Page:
Rethinking social housing

Originally posted on June 26 on my blog for Inside Housing.

As we prepare to celebrate the 70th anniversary of the NHS an older part of the welfare state is at a crossroads.

The road already taken reaches back to the birth of council housing at the end of the 19th century and its rise and fall through the 20th century.

While other parts of the UK have sought to protect the role of social housing, until recently in England only one direction seemed possible.  This offered a motorway towards fixed-term tenancies, the housing association right to buy, forced sales of council houses, with social housing seen as a way station rather than a destination for the most vulnerable.

But the events of 2017 have reconfigured the road signs to leave other options for the way ahead. Grenfell means it is no longer possible for governments of any party to ignore social housing and social tenants, the rhetoric of the Conservative prime minister has changed, the Labour party has put forward a coherent plan for ‘genuinely affordable’ housing and any number of different projects is underway to rethink the role and purpose of social housing.

Today it’s the turn of the Chartered Institute of Housing (CIH), which marks its 2018 conference with publication of the final report from its Rethinking Social Housing project.

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Variety the key to faster build out, says Letwin

Originally published on June 25 on my blog for Inside Housing. 

For all the headlines about Spitfire production and the wartime spirit, Sir Oliver Letwin’s draft analysis of build-out rates on large housebuilding sites focuses on one key factor above all others – and it’s one that could have huge implications for housing as a whole.

After visits to 15 different sites and discussions with people throughout the industry, he focuses forensically on the ‘absorption rate’ – the rate at which housebuilders can sell newly built homes in a local market without reducing the local market price.

This is not a surprise – it was also his focus in the interim update he produced in March – but he seems even more convinced of its importance now.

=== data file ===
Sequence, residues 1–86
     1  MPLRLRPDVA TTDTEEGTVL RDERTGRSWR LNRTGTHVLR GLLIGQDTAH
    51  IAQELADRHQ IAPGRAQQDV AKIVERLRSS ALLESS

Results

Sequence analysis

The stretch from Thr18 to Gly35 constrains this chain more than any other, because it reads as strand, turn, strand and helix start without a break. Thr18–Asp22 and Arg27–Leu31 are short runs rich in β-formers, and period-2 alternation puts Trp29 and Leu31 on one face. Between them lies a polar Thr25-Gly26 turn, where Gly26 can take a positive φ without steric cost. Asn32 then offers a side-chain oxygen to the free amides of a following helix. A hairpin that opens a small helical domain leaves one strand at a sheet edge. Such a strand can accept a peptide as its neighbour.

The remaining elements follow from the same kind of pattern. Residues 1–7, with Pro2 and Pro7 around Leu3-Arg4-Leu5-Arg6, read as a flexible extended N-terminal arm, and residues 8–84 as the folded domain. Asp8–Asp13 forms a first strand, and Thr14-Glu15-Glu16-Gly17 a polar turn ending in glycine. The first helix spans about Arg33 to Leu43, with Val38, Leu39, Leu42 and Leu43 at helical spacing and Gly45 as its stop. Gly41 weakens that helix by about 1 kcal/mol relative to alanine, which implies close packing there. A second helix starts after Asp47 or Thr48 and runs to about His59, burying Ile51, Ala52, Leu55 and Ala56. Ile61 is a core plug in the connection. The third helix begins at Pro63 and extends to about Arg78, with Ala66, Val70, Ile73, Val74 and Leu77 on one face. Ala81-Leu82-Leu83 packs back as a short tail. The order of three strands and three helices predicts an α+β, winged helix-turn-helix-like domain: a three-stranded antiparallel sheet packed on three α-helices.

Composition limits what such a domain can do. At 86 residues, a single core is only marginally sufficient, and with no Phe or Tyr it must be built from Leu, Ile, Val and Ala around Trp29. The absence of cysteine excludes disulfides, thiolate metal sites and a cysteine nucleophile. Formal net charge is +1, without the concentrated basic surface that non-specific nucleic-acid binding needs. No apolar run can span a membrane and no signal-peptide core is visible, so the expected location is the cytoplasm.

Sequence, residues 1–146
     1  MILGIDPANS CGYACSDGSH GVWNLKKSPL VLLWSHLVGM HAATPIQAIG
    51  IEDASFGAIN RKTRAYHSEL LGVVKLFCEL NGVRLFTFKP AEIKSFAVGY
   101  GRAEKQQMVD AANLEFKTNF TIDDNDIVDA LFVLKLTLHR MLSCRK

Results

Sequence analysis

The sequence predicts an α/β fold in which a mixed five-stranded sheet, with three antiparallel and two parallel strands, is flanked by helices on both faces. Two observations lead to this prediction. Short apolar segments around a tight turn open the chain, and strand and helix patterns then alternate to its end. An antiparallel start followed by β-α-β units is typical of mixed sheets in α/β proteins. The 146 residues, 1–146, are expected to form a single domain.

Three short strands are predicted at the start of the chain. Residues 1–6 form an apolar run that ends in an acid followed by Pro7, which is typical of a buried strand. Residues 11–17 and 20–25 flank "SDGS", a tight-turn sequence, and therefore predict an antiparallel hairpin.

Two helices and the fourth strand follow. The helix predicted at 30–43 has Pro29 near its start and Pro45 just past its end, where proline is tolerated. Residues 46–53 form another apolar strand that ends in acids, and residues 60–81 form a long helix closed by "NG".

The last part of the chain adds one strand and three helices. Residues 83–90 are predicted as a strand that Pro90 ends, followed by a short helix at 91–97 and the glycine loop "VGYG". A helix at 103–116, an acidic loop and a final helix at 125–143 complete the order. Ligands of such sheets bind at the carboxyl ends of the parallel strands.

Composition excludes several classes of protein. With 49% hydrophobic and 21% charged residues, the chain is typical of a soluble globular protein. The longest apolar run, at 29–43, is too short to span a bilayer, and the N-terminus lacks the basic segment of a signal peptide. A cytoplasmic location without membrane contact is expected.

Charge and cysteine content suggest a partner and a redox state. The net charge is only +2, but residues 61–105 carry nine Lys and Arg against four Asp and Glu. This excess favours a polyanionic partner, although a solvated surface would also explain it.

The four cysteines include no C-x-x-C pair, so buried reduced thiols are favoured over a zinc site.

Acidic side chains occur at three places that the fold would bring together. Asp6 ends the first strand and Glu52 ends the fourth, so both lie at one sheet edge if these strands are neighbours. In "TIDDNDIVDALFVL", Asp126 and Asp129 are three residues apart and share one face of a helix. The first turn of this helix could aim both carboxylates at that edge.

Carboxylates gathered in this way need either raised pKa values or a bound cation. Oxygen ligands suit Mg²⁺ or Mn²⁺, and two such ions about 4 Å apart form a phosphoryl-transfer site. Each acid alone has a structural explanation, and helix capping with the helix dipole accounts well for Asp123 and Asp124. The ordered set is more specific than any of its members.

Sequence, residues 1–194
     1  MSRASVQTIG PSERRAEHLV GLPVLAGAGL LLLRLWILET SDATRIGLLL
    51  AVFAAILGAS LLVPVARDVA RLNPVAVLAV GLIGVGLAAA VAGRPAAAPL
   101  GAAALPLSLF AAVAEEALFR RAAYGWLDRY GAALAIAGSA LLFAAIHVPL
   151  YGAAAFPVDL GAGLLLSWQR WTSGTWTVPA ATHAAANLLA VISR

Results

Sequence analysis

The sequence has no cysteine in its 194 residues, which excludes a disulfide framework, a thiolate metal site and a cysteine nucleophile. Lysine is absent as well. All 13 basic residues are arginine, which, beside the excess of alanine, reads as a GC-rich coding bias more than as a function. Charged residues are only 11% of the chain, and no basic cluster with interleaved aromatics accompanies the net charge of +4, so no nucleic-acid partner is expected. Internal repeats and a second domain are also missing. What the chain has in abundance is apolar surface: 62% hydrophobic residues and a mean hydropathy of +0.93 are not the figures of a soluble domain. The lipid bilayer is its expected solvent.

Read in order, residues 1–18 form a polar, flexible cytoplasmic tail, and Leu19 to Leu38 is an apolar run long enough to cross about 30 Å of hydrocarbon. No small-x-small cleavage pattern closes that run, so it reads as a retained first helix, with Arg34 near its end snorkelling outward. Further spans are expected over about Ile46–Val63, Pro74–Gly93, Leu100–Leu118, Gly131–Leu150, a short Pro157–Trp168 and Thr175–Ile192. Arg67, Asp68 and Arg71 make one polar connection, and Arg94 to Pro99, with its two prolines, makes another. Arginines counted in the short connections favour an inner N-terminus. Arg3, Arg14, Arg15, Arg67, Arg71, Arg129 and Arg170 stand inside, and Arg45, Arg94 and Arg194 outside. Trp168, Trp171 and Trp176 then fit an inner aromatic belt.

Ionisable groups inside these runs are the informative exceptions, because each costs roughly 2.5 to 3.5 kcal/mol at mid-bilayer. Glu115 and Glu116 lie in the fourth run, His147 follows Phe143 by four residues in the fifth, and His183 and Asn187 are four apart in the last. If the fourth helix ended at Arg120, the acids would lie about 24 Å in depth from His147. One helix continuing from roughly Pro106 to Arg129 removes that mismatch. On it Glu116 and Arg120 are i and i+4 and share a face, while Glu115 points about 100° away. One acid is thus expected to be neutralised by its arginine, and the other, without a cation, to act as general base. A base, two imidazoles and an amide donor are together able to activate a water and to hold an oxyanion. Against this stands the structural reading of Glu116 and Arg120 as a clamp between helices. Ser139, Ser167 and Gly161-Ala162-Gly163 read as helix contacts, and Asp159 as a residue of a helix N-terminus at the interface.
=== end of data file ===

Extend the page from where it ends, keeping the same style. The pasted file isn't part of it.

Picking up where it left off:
In his draft analysis, this is what underpins everything from the valuation model used in the RICS red book to the residual land value model that housebuilders use to calculate how much they will pay for land.

As he puts it:

‘We have heard from everyone we have talked to in the industry about these processes that, in all of these forms of land sale, the starting point of all participants is the residual value calculation. And that residual value calculation always starts with the assumed open market value of new homes in the local area – which is always fundamentally driven by the prices of comparable second-hand homes in the local area, and hence by the assumption that the number of new homes built in any given year in that area will not be large enough to put downward pressure on the price of second-hand homes in the area.’

In other words, anyone hoping that an increase in housebuilding for sale on large sites will reduce house prices will come away disappointed since the entire model is designed to ensure that this does not happen.

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A plan to end homelessness

Originally published on June 12 on my blog for Inside Housing.

At times in the last year it’s seemed that all a politician has to do to end homelessness is say ‘Housing First’ three times, take a trip to Finland and announce a new initiative.

All three do feature in the plan published by Crisis this morning but alongside a 10-year strategy that challenges the politicians to take a harder road to a real destination – if they choose.

Everybody In: How to end homelessness in Great Britain was developed following an international evidence review of what works here and abroad, a consultation with over 1,000 people across Britain and newly-commissioned research to fill gaps in the evidence.

Crisis, which celebrates its 50th anniversary this year, warns that there are currently 160,000 people facing the worst forms of homelessness in Britain but that if we continue as we are this number will double over the next 25 years.

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Grenfell’s ‘culture of non-compliance’

Originally published on my blog for Inside Housing on June 5.

Yes it was the cladding but expert reports for the public inquiry into the Grenfell Tower fire find multiple fire safety failures in the building and its refurbishment and management and in the wider regulatory system and construction industry.

The first thing that leaps out of the report by fire engineer Dr Barbara Lane is a timeline that shows that the conditions for ‘Stay Put’ advice to residents had ‘substantially failed’ by 01:26 on the morning of the fire.

This was within half an hour of the fire breaking out in Flat 16 and the London Fire Brigade did not abandon Stay Put until 02:47.

Those conclusions have already made some of the headlines but Dr Lane makes clear that there is a deeper context for them.

The way that high-rise buildings are designed and the way that fires in them are fought in them rely on the fact that multi-storey external envelope fires are not meant to happen.

So the fire at Grenfell rendered invalid all of the basic assumptions about fighting fires from the inside and telling residents of other flats to stay inside them because they will be protected by compartmentation.

That meant there had to be an improvised approach to fighting the fire from the outside on the night but most of the building was always going to out of reach even for aerial appliances – the whole reason why the risk of external fires should be designed out in the first place.

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